The Department of History offers Master of Arts degrees in a two-year program. The major areas of study are North America, Europe, and Latin America with emphasis on Aboriginal, northern, gender, and environmental history. Students are encouraged to contact an appropriate supervisor before applying to the program and to develop a research project through this contact with members of the department.
Our MA has two streams. In the first year of the program, all students take three seminars in their areas of interest as well as two courses in historiography and research methods. In the second year of the program, students may choose between writing an MA thesis or carrying out a creative project.
Students who write a traditional thesis may go on to do a PhD in history or a related field or find employment in a number of fields that require advanced research and analytical skills. An MA thesis is based on original research and is between 100 and 120 pages in length.
For the creative project, students must carry out a similar amount of original research using historical sources, but they disseminate this knowledge through a number of different forms. The exact nature of the creative project option is to be determined by the student, the supervisor, and the graduate coordinator.
Graduates with a Bachelor of Arts degree from a recognized Canadian university or from another recognized university, and with at least a B+ average in the last two years of study will be considered for the MA program. We accept applicants who wish to begin their graduate studies in either September or January. To apply, visit this page http://www.unbc.ca/apply/graduate. Remember to contact the graduate coordinator in the History Department and a potential supervisor before applying through UNBC's centralized system.
Applicants without a History Background or without a background in the topic that they want to study at the MA level should consult with the graduate coordinator in the History Department. Students will be accepted only in the areas of specialization in the Department of History subject to the availability of an appropriate supervisor.
MA students must be able to read in French or foreign languages as necessary to carry out primary research and read relevant secondary sources relevant to their research project.
ATTENTION: Teaching Assistants
Please review the UNBC Teaching Assistant Manual, edited by Dr. Heather Smith. This document contains very useful information and suggestions you may find helpful.
History Master's Theses completed at UNBC
(Click on the author's name to read the abstract)
ANDERSON, Erik (1996)
"'Ready for the Religious Relationship': Carrier Negotiations with Christianity through Fur Traders, Prophets, and Missionaries to 1885."
ANDREWS, Karen June (2004)
"A Tortuous History: Federal-Provincial Relations and the Future of Medicare,"
ATKINSON, Donna L.. (2005)
"'Not by oil alone': A History of Khanty and Mansi Political Mobilization, 1985 to 1996,"
BEACH, Christopher (1998)
"Beneath the Waters: A Microhistory of Ootsa Lake, a Northern Eurocanadian Community,"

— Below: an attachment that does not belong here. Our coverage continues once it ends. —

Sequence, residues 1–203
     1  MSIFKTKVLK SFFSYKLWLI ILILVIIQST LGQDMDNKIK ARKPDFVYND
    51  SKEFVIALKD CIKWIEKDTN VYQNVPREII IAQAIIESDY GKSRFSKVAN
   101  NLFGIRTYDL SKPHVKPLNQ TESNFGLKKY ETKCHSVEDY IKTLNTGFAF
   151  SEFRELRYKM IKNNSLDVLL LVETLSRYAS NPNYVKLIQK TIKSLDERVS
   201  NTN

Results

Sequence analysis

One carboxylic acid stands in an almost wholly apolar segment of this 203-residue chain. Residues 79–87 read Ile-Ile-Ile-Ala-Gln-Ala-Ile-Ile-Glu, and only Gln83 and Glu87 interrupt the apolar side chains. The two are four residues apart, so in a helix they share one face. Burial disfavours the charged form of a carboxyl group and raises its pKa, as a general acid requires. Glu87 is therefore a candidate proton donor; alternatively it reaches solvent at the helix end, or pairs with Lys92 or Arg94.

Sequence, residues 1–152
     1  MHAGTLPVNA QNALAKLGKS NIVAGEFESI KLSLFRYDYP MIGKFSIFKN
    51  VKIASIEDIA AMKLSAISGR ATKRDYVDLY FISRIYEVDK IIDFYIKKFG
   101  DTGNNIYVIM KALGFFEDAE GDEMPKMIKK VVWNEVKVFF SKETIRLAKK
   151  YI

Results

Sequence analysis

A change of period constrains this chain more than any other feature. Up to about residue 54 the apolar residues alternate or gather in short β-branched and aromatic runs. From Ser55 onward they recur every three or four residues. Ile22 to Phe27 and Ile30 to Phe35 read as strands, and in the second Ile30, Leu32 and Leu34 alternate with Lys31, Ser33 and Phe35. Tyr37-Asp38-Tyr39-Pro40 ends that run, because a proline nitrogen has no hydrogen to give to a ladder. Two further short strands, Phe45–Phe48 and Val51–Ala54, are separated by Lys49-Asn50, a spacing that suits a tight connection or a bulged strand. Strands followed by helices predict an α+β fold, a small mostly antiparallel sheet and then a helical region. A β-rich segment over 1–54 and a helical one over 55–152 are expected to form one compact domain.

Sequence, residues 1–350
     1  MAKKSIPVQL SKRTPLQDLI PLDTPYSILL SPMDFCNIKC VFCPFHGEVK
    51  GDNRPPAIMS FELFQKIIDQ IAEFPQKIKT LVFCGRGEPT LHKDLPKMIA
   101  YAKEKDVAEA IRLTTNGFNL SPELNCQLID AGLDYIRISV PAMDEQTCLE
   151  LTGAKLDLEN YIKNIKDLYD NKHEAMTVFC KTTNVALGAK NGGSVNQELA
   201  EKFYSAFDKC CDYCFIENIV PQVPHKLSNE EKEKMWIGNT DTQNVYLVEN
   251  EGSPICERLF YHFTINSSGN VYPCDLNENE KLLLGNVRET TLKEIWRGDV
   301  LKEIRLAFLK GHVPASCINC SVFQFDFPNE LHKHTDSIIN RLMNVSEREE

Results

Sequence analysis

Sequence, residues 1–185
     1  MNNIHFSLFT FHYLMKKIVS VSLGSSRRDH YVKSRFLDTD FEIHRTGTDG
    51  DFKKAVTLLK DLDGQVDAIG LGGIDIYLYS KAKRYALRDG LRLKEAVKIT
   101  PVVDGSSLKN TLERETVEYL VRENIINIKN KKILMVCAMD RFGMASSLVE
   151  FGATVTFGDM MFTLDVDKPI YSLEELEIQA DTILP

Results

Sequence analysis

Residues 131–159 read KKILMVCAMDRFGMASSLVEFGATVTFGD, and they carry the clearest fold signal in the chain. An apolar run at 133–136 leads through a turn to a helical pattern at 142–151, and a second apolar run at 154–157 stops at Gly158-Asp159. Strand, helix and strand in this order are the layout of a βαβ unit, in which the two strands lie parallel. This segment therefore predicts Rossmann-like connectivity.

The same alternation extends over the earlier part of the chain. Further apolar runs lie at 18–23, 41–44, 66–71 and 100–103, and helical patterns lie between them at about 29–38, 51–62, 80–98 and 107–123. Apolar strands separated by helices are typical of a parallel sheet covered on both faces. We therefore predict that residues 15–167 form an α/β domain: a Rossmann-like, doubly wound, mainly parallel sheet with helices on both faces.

BOUCHARD, Blake (2012)
The Resilience of the Babine: The Economic and Social Relations of the Babine to 1830
BUDDLE, Melanie (1997)
"All the Elements of a Permanent Community:"A History of Society, Culture and Entertainment in the Cariboo,"
BUHLER, Katherine (1998)
"Come Hell and High Water: the Relocation of the Cheslatta First Nation"
DIAZ, Robert Neil (1996)
"Reshaping the Land: An Environmental History of Prince George, British Columbia,"
DONOVAN, Kaori (2002)
"Yamato Nadeshiko in Canada: Experiences of Japanese Immigrant Women, 1868-1941"
JORGENSON, Mica (2012)
"It Happened to Me in Barkerville:" Aboriginal Identity, Economy, and Law in the Cariboo Gold Rush, 1862 1900
MATTE, Alison (2012)
"She's the Queen of Everyone's Heart:" Community, Gender, Morality and Sexuality in the "Queen Val-Vedette" and "Queen Aurora of the Evergreens" Beauty Pageants, 1948-1970
NATHAN, Holly (2009)
"Building Dams, Constructing Stories: The Press, The Sekani and the Peace River Dam, 1957-1969"
NIEMI, Melanie Ann (2005)
"The Edmonton and District Stragglers: Gendered Strategies of Treaty and Scrip,1876-1886"
PUGH, Rhys Alan (2004)
"The Newspaper Wars in Prince George, B.C. 1909-1918"
REIMERS, Mia (1999)
"The Glamour and the Horror: a Social History of Wartime Northwestern British Columbia, 1939-1945"
SELL, Gregory Earl (2007)
"Settler Mythology and the Construction of the Historical Memory of the Indian Wars of the Pacific Northwest"
SHORTEN, Rebecca Jane (2008)
"The Shapeliest Legs Under the Council Table: Defining The Feminist Influence on Women in British Columbia Municipal Politics, 1950-1980"
STEVENSON-WALDIE, Laura (2001)
"The Sensational Landscape: The History of Sensationalist Images of the Arctic, 1818-1920"
TANER, Shona (1997)
"The Development of Native Studies at Canadian Universities Four Programs, Four Provinces, Four Decades"
TOOMEY, Roy P. (2006)
"Canadian Indians and the Second World War: The Pivotal Event of the 20th Century for Canadian Indians and Canadian Indian Policy?"
TOWNSEND, Lorna ivy (2006)
"'I Must Record the Grit of My Little Wife Millie': Experience, Representation, and Rural Women in Early 20th Century British Columbia"